|JSON Online course|
The flexibility of XML has made it increasingly prevalent in programming environments. Unlike the Unix® world, where configuration files are usually text files with either tab-delimited name/value pairs or colon-separated fields, configuration files in the open source world are often XML documents. Most well-known application servers also use XML-based configuration files. The Ant utility relies on XML-based files for defining tasks.
A tremendous amount of data in the business world and scientific community does not use the JSON or XML format. To give you some perspective, roughly 80% to 90% of all software programs were written in either COBOL or Fortran™ in the early 1990s (and NASA scientists were still using Fortran in 2004). Therefore, data integration and migration can be a complex problem. The movement toward XML as a standard for data representation is intended to simplify the problem of exchanging data between systems. You probably already know that XML is ubiquitous in the Java world, yet you might be asking yourself one question: What's all the fuss about XML? In broad terms, XML is to data what relational theory is to databases; both provide a standardized mechanism for representing data.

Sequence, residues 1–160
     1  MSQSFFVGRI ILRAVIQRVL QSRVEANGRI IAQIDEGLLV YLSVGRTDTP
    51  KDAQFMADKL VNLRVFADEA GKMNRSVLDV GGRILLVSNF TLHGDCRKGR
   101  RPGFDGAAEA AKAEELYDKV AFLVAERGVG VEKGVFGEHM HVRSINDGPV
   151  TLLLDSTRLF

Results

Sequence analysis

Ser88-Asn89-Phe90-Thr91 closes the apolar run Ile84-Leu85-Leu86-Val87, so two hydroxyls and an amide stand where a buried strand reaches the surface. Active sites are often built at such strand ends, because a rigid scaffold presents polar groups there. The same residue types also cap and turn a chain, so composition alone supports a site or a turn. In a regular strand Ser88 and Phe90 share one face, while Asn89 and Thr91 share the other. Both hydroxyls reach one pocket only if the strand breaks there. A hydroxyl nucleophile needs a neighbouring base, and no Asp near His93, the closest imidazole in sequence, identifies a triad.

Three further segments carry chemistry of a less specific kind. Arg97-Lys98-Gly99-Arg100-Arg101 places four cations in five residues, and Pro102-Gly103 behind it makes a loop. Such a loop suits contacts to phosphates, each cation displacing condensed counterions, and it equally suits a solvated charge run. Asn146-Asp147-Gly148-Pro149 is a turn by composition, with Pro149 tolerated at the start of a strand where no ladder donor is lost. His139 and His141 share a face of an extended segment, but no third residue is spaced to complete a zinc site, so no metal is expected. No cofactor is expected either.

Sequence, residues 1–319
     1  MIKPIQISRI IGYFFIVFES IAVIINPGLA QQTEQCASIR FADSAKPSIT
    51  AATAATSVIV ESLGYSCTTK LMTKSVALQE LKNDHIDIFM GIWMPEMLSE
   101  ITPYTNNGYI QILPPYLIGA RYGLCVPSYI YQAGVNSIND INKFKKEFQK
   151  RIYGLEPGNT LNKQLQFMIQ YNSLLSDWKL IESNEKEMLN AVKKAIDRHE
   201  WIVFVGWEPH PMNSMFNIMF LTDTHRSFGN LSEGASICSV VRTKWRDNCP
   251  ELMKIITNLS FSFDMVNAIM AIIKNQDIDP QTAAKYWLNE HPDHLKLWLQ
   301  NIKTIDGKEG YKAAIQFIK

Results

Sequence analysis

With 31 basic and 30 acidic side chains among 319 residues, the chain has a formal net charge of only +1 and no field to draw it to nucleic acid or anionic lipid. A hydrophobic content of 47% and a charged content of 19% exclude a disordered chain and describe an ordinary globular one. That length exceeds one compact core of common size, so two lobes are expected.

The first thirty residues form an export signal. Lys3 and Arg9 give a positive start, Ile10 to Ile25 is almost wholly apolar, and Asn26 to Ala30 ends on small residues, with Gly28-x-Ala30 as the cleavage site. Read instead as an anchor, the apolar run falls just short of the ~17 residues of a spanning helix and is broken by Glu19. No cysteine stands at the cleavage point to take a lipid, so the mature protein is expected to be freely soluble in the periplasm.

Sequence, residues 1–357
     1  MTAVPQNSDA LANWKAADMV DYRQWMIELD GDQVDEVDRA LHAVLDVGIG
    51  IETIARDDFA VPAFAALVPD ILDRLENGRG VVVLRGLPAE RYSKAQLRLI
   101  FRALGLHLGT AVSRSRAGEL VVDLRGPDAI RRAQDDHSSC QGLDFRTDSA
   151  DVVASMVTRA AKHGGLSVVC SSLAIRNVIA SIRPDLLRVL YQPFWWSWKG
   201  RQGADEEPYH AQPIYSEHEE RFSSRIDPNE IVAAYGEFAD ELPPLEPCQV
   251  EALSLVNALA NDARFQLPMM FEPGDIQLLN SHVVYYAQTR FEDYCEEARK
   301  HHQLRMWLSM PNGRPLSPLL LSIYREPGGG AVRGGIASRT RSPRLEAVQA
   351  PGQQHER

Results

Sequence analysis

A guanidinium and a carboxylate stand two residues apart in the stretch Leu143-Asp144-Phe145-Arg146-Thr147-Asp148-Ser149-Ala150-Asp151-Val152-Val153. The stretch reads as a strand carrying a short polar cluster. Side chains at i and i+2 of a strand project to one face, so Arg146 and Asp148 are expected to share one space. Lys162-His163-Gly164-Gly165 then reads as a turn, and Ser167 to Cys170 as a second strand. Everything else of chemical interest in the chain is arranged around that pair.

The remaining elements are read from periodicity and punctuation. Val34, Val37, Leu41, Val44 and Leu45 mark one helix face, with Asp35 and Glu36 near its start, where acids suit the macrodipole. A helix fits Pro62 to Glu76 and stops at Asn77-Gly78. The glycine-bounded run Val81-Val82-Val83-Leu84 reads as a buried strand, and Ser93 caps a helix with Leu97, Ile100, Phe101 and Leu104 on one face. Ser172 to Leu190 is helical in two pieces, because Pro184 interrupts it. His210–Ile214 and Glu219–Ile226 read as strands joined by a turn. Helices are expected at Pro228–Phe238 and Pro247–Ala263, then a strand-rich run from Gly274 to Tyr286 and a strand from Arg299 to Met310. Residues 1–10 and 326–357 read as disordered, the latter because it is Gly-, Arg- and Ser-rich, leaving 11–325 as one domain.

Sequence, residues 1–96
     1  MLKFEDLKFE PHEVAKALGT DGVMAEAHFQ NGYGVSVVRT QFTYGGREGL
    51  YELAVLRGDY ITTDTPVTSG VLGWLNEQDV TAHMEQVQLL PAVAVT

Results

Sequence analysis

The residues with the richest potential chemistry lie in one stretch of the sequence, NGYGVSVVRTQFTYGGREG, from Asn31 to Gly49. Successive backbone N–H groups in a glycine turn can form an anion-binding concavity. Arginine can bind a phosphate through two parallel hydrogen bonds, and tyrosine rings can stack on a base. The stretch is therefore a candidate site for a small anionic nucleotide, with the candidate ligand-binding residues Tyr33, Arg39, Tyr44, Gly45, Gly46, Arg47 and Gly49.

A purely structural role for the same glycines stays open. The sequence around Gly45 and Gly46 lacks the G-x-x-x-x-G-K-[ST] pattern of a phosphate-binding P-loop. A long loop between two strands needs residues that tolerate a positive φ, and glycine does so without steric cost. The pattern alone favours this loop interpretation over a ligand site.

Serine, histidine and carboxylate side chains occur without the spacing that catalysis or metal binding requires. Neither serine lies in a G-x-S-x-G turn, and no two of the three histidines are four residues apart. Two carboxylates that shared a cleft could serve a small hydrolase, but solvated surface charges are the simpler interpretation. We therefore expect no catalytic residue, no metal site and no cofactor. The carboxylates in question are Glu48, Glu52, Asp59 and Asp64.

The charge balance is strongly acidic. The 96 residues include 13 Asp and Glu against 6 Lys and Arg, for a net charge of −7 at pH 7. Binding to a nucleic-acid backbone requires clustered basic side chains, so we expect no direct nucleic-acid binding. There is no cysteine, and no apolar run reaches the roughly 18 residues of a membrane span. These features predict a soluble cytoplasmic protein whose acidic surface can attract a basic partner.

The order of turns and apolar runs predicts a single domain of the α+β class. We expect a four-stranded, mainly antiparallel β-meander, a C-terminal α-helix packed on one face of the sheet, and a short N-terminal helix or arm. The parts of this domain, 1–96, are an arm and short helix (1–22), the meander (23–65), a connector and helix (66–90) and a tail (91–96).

A nontrivial database schema consists of a set of tables in which there is some type of parent/child (or master/detail) relationship in which data can be viewed hierarchically. An XML document also represents data in a parent/child relationship. One important difference is that database schemas can model many-to-many relationships such as the many-to-many relationships that exists between a student's entity and a class's entity. XML documents are strictly one-to-many, with a single root node. People sometimes make the analogy that XML is to data what Java is to code; both are portable, which means you avoid the problems that are inherent in proprietary systems.